"Excuse me. Captain, if I speak with my friend here in private for a moment."
I drew Byfield aside, "Your notes? The salt water——"
"You see," said he, "I am a martyr to acidity of the stomach."
"Man! do I invite the confidence of your stomach?"
"Consequently I never make an ascension unaccompanied by a small bottle of Epsom salts, tightly corked."
"And you threw away the salts and substituted the notes? That was clever of you, Byfield."
I lifted my voice. "And Mr. Dalmahoy, I presume, returns to his sorrowing folk?"
The extravagant cheerfully corrected me. "They will not sorrow; but I shall return to them. Of their grudged pension I have eighteen pence in my pocket. But I propose to travel with Sheepshanks, and raise the wind by showing his tricks. He shall toss the caber from Land's End to Forthside, cheered by the plaudits of the intervening taverns and furthered by their bounty."
"A progress which we must try to expedite, if only out of regard for Mrs. Sheepshanks." I turned to Captain Coleiiso again. "Well, sir, will you accept me for your passenger?"
"I doubt that you are joking, sir."
"And I swear to you that I am not."
He hesitated; tottered to the companion, and called down, "Susannah! Susannah! a moment on deck, if you please. One of these gentlemen wishes to ship as passenger."
A dark-browed woman of middle age thrust her head above the ladder and eyed me. Even so might a ruminating cow gaze over her hedge upon some posting wayfarer. "What's he dressed in?" she demanded abruptly.
"Madam, it was intended for a ball suit."
"You will do no dancing here, young man."
"My dear lady, I accept that and every condition you may impose. Whatever the discipline of the ship——"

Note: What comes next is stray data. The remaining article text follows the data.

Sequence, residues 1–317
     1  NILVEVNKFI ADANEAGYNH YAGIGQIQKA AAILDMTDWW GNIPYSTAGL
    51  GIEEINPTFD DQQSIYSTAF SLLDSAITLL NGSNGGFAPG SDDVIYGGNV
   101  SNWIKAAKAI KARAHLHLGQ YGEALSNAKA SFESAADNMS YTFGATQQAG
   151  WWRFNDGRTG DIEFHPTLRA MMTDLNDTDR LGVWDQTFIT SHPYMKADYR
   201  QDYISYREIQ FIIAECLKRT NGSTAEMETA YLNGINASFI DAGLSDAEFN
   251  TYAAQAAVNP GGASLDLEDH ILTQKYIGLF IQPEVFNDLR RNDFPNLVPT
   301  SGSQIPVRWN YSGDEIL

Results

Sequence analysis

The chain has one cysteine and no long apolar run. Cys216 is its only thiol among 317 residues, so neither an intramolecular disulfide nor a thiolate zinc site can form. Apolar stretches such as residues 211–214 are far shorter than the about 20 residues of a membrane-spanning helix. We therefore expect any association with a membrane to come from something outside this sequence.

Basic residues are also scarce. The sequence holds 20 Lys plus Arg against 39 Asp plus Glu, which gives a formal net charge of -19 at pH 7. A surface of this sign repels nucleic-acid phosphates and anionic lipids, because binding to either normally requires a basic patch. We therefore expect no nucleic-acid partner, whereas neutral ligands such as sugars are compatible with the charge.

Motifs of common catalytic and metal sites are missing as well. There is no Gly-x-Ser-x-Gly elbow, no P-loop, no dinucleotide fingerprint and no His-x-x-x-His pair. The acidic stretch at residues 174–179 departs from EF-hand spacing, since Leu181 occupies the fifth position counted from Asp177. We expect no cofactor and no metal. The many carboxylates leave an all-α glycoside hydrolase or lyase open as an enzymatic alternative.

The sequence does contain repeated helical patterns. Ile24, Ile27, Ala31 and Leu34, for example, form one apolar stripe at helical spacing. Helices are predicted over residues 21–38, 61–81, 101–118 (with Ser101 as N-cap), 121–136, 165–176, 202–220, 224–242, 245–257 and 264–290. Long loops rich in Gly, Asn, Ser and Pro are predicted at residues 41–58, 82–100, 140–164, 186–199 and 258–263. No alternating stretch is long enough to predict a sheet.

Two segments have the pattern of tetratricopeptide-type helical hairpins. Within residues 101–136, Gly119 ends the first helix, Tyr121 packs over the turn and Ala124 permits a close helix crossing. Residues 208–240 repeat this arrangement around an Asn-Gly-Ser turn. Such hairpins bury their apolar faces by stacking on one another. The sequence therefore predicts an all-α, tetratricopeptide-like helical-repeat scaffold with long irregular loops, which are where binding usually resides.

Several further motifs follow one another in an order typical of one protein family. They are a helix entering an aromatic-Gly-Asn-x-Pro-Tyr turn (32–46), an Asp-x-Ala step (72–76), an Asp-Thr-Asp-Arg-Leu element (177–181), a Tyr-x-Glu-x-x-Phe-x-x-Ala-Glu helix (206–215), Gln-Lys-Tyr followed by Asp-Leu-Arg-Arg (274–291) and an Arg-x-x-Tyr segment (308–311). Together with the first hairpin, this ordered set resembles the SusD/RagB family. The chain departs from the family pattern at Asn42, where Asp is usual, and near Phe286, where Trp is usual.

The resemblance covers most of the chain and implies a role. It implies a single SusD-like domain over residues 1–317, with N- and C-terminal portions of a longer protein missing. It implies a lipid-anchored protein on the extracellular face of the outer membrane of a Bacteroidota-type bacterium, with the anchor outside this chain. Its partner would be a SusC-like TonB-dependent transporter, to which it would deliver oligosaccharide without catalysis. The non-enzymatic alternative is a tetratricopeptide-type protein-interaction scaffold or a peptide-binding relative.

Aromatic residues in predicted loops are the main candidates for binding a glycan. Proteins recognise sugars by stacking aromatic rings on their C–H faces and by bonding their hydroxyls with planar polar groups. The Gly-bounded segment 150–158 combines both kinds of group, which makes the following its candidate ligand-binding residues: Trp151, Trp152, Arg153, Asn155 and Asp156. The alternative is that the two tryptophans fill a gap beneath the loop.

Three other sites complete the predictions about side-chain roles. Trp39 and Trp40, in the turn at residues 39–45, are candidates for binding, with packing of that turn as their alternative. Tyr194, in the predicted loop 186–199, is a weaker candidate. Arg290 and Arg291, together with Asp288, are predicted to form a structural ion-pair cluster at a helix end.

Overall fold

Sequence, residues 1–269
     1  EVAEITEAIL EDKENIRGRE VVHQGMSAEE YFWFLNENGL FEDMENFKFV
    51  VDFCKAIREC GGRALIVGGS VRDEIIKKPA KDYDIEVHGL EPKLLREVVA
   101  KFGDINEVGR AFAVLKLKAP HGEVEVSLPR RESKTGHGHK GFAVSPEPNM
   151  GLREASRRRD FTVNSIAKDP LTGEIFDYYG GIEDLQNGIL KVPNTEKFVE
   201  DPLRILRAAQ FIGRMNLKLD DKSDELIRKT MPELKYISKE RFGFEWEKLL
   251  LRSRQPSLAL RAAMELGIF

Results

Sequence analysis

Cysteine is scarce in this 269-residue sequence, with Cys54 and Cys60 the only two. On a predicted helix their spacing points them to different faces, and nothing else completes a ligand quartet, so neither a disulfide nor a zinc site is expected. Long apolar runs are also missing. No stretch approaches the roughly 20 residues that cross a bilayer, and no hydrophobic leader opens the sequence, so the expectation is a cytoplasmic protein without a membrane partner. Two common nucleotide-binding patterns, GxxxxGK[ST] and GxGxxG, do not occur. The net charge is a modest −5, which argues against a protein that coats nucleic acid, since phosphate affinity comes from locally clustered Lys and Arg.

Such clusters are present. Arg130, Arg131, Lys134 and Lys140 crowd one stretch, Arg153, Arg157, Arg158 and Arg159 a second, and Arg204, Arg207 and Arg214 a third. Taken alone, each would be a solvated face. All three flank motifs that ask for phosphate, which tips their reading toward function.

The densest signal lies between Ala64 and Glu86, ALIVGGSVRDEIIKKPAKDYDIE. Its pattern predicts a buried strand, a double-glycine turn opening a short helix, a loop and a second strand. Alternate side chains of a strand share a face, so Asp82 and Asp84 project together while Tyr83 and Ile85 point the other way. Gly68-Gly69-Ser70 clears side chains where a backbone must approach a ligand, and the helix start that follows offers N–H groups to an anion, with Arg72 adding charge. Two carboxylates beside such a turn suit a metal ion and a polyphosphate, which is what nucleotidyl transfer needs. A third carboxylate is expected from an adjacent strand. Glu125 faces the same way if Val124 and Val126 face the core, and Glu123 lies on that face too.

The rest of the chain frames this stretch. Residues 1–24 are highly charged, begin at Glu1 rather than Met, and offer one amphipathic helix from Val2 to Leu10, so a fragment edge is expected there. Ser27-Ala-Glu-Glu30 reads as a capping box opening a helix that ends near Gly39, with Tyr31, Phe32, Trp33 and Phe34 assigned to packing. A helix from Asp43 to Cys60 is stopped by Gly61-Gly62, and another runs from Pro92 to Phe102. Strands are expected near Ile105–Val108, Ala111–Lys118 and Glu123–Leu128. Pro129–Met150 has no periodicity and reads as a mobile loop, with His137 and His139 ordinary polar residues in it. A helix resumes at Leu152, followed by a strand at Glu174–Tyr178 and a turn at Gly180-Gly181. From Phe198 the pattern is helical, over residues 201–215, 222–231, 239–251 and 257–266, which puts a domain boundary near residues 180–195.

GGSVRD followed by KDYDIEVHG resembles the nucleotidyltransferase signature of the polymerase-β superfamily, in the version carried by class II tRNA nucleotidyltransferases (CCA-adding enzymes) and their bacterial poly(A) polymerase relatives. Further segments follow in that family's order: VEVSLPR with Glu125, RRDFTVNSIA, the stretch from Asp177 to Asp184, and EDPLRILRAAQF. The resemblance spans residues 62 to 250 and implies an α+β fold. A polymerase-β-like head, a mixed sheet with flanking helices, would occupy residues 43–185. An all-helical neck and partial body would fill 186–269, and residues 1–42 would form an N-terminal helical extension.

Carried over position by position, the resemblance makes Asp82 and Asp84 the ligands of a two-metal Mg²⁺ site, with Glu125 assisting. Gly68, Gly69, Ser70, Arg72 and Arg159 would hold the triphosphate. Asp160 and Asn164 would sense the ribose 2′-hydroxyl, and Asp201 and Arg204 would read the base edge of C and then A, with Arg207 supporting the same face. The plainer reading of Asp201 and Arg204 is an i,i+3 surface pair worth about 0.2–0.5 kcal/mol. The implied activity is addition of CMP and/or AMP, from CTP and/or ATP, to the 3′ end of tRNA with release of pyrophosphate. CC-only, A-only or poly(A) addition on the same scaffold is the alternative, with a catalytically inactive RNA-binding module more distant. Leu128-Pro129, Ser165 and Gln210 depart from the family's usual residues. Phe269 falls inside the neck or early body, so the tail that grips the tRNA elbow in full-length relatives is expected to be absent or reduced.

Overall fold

She cut me short.
"Have you told him, father?"
"Why, no. You see, sir, I ought to tell you that this is not an ordinary voyage."
"Nor for that matter is mine."
"You will be exposed to risks."
"In a privateer that goes without saying."
"The risk of capture."
"Naturally; though a brave captain will not dwell on it." And I bowed.
"But I do dwell on it," he answered earnestly, a red spot showing on either cheek. "I must tell you, sir, that we are very likely indeed to fall into an enemy's hands."
"Say certain," chimed in Susannah.
"Yes, I will say we are certain. I cannot in conscience do less." He sought his daughter's eyes. She nodded.
"O, damn your conscience!" thought I, my stomach rising in contempt for this noble-looking, but extremely faint-hearted, privateersman. "Come," I said, rallying him, "we fall in with a Frenchman, or—let us suppose—an American; that is our object, eh?"
"Yes, with an American. That is our object, to be sure!"
"Then I warrant we give a good account of ourselves. Tut, tut, man—an ex-packet captain!"
I pulled up in sheer wonder at the lunacy of our dispute and the side he was forcing me to take. Here was I haranguing a grey-headed veteran on his own quarter-deck and exhorting him to valour! In a flash I saw myself befooled, tricked into playing the patronising amateur, complacently posturing for the derision of gods and men. And Captain Colenso, who aimed but to be rid of me, was laughing in his sleeve, no doubt. In a minute even Sheepshanks would catch the jest. Now, I do mortally hate to be laughed at; it may be disciplinary for most men, but it turns me obstinate.
Captain Colenso, at any rate, dissembled his mirth to perfection The look which he shifted from me to Susannah and back was eloquent of senile indecision.
"I cannot explain to you, sir. The consequences—I might mitigate them for you—still you must risk them." He broke off and appealed to me, I would rather you did not insist, I would, indeed! I must beg you, sir, not to press it."